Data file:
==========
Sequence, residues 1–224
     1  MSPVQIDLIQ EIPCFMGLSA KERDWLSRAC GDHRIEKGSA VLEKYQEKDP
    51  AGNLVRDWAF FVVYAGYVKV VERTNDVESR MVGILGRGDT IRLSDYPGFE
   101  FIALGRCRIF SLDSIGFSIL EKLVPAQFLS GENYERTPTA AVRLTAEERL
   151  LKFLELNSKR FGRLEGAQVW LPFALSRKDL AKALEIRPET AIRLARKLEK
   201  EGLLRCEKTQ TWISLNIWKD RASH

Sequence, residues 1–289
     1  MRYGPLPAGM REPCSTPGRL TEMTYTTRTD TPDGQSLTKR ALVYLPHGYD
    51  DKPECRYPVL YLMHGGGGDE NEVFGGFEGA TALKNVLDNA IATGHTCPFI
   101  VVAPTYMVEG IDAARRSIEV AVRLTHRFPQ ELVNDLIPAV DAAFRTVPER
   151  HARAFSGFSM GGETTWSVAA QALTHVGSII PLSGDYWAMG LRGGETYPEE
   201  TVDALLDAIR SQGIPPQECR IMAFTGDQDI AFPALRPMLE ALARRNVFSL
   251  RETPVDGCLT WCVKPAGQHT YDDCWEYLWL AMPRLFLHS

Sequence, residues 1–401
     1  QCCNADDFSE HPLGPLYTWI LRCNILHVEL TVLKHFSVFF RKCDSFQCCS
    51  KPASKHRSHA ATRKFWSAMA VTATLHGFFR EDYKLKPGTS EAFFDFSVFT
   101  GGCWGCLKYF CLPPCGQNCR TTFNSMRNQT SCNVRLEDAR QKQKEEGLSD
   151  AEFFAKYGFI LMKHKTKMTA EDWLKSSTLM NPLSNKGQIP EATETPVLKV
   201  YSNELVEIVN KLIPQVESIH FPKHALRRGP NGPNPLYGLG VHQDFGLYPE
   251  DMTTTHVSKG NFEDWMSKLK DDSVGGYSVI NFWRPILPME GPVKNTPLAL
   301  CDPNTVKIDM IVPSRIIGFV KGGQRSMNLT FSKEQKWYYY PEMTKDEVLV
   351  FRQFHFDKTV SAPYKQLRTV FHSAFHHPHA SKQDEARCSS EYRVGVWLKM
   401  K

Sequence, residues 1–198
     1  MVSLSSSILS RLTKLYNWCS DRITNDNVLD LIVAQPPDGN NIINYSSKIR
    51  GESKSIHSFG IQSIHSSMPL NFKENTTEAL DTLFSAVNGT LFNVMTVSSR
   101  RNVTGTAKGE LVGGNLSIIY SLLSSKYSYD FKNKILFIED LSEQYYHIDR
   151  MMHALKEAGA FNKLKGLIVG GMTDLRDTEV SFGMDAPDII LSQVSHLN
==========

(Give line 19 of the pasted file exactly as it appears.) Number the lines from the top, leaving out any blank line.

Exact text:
   201  YSNELVEIVN KLIPQVESIH FPKHALRRGP NGPNPLYGLG VHQDFGLYPE